Doing business in a global economy has unique risks. One risk is third parties soliciting illegal payments (i.e., bribes) from companies in exchange for brokering entry into new markets. Realizing the temptation is great and the practice widespread, the Foreign Corrupt Practices Act (FCPA), an anti-bribery statute that has been around for years, makes it unlawful for any corporation or any corporate officer, director, employee, agent or stockholder acting on behalf of the corporation to make (or promise to make) payments to foreign officials, political parties or other persons for the purposes of influencing or inducing the foreign official to act in a particular manner or to secure a business advantage. In recent years, prosecution of individuals has been a cornerstone of FCPA enforcement efforts, and fines levied on companies and individuals have been ever-increasing. The trends in FCPA enforcement that have emerged and are likely to continue into the future include:
- More focused prosecution of individual wrongdoers
- Increased civil and criminal penalties
- Broadening definition of culpable intent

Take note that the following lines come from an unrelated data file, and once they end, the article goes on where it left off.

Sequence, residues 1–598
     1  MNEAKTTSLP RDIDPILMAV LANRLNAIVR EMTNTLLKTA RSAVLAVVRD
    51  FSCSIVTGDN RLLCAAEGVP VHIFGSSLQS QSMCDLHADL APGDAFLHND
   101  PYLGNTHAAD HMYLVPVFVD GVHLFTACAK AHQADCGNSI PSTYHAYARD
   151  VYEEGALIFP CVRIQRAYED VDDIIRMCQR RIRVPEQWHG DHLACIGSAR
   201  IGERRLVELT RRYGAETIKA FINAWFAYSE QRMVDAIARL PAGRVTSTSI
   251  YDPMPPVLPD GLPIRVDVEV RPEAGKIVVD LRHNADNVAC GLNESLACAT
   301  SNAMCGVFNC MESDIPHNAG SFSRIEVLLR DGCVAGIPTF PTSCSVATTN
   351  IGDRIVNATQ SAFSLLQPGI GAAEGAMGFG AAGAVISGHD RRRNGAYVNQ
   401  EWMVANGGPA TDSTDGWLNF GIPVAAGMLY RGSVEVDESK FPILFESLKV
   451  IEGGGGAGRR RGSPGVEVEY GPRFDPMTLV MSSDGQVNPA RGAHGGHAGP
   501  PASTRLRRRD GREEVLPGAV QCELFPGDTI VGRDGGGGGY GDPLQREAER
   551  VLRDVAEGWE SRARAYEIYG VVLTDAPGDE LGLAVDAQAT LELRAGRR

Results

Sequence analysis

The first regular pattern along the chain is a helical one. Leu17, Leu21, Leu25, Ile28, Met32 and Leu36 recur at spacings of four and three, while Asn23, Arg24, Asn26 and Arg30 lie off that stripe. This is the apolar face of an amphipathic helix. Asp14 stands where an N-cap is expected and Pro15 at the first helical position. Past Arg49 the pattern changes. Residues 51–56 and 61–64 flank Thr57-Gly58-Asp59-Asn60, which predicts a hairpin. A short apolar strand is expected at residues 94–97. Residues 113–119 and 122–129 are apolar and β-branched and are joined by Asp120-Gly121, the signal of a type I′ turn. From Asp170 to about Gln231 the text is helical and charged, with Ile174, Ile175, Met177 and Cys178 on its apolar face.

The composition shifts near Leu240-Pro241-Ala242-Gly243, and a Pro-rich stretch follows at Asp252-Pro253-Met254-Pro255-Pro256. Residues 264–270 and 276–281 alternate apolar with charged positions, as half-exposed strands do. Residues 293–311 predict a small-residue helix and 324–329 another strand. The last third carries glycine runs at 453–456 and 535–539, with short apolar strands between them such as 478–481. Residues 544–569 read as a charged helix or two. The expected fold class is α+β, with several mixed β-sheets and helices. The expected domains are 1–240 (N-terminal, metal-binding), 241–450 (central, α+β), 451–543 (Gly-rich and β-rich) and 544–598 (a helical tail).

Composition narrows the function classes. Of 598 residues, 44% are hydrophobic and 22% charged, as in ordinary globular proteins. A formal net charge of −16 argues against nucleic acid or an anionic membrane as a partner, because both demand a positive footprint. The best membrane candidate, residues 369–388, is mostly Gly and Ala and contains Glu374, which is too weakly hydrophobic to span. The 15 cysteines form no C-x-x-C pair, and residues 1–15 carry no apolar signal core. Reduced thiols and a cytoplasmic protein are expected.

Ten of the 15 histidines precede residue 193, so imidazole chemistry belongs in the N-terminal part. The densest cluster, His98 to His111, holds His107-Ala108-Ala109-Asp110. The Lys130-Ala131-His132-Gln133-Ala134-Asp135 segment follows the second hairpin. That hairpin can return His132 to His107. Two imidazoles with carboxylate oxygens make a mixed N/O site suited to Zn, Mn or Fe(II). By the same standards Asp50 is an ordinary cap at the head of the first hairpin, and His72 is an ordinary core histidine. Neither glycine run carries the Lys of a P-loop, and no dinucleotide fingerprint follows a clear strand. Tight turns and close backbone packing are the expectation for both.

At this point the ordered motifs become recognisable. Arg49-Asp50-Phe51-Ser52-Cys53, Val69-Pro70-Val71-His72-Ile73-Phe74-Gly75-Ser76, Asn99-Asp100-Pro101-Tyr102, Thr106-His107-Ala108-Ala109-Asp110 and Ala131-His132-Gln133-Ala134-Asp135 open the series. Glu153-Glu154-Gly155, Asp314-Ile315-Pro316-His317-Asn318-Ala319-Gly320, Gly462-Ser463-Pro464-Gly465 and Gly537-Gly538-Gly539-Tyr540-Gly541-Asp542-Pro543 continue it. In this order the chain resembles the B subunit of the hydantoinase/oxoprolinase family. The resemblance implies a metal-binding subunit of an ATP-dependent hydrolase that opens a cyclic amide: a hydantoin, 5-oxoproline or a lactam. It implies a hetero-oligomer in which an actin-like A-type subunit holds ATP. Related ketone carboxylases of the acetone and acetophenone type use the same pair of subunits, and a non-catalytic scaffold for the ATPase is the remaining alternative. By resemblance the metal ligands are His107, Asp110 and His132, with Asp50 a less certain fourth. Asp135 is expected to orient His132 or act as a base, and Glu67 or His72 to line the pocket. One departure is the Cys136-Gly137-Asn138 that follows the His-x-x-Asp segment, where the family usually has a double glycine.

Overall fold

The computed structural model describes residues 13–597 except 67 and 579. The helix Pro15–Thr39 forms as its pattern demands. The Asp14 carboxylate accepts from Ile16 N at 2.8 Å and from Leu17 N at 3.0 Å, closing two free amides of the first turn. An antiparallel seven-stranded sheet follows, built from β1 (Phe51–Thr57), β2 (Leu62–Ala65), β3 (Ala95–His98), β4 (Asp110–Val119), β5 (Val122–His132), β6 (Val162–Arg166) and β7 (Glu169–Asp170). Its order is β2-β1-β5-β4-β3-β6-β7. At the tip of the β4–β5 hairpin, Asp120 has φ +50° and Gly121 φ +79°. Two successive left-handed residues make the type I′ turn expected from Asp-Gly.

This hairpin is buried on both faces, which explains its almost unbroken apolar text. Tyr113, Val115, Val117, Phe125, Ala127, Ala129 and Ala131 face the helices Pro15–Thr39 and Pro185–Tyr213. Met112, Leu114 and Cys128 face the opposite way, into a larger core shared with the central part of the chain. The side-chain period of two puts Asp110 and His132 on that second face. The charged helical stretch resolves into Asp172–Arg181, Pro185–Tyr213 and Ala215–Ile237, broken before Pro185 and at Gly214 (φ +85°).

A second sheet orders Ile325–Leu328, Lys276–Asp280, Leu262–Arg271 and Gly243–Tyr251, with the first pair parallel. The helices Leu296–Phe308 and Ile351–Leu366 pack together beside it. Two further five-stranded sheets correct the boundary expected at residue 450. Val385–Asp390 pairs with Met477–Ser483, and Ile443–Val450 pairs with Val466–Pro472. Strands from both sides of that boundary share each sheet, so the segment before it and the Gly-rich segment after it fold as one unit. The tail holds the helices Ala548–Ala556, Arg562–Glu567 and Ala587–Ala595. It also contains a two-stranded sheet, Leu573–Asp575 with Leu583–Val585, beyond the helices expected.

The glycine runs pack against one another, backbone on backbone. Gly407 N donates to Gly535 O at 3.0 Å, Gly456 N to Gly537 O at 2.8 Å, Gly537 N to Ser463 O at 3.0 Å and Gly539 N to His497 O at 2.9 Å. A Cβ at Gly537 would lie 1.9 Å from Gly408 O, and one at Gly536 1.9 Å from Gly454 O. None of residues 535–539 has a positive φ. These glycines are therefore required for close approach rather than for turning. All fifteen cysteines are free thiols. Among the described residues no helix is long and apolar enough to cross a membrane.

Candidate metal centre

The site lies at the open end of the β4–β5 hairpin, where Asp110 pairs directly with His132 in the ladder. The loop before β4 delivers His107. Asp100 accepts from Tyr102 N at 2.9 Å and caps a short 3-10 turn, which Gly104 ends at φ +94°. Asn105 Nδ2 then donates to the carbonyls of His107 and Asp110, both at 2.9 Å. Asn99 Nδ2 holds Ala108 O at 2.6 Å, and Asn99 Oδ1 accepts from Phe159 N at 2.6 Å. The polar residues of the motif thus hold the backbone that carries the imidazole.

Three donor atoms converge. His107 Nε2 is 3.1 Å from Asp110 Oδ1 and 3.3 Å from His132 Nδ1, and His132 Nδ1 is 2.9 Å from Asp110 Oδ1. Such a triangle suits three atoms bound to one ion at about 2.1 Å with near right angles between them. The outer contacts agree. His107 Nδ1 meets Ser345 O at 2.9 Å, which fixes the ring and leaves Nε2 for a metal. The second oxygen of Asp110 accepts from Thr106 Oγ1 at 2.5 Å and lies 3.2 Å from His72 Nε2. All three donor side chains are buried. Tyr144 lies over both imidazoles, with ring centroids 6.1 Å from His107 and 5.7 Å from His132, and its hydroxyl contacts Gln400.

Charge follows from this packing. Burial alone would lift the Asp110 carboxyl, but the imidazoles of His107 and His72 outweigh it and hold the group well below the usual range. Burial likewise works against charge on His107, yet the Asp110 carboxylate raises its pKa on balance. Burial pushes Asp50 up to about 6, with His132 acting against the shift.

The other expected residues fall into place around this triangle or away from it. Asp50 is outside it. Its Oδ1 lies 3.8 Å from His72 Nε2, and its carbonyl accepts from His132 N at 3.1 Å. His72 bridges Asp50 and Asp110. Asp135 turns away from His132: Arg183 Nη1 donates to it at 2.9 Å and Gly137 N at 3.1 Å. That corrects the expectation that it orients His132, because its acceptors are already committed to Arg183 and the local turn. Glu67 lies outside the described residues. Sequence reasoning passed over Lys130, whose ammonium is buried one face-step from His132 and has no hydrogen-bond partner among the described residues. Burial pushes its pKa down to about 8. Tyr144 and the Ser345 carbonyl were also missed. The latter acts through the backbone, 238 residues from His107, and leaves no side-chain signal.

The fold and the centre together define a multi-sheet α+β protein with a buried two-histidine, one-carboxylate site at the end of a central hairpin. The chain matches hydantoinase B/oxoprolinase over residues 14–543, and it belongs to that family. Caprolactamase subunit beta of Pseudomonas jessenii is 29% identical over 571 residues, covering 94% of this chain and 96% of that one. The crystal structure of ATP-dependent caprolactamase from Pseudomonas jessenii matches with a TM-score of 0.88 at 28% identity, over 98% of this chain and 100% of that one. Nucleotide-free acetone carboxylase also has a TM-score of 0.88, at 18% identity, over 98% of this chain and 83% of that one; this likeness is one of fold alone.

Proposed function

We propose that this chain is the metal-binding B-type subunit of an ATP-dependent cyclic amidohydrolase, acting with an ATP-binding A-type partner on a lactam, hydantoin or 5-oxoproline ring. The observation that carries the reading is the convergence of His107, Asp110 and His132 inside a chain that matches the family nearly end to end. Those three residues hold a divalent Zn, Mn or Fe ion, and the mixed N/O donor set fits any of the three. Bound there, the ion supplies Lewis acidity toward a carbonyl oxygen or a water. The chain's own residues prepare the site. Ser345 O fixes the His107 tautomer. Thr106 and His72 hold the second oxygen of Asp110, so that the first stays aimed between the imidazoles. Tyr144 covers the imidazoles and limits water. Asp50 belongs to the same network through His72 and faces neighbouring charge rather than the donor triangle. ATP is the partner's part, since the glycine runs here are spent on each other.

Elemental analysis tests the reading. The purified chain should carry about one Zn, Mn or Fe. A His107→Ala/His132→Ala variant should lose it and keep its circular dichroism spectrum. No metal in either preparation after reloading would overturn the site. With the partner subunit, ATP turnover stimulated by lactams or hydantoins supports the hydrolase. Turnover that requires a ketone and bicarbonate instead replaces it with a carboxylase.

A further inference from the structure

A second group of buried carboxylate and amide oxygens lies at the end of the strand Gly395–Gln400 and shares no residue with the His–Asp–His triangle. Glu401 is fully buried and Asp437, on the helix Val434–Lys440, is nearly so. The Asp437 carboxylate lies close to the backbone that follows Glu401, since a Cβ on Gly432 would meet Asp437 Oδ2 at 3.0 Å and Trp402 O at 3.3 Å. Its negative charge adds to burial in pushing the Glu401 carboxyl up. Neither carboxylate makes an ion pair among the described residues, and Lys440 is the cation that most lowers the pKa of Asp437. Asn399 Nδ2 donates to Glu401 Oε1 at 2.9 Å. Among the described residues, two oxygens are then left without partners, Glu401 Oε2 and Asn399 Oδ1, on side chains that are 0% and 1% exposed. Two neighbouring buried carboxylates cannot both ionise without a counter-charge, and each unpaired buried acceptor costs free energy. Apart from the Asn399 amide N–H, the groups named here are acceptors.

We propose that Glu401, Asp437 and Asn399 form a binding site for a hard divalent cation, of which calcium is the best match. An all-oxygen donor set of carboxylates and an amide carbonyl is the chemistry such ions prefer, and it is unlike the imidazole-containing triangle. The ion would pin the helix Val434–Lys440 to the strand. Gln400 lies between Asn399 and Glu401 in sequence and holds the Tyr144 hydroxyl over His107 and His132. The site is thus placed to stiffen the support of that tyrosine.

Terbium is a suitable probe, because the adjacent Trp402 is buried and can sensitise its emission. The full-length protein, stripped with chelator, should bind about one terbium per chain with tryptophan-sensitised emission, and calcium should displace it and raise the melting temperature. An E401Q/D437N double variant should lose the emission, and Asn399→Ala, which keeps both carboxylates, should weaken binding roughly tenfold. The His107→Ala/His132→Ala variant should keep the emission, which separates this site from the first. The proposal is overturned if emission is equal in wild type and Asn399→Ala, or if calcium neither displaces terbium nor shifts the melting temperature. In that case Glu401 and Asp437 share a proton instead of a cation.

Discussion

- Continued push to expand jurisdictional reach
- More sector-wide investigations
- Increased use of traditional law enforcement techniques such as sting operations
- Enhanced international cooperation in the prosecution of corruption
To mitigate the risk of FCPA frauds and defend against criminal and civil litigation, directors and officers should embrace the following practices:
- Communicate a strong “tone at the top” that emphasizes ethics, integrity and honesty in all actions of the company.
- Establish strong policy deterrents to fraudulent action.
- Ensure that the company has comprehensive internal controls throughout the company to prevent or timely detect fraud in a timely manner.
- Challenge the actions of your risk management practices (internal audit, risk management, compliance, legal, etc.).
- Be active in all critical aspects of the business.
- Acknowledge areas in which you may be lacking in knowledge and understanding, and seek out counsel as needed.
- Do not readily accept all that is presented.
- Skepticism and prudence in judgment should always be applied.
- Know the fraud risks common to the various business units and practices.
- Do not defer to management control over the information presented to the board.
Knowing your obligations and responsibilities, as well as designing effective organizational fraud controls, can greatly mitigate criminal and civil litigation exposure.
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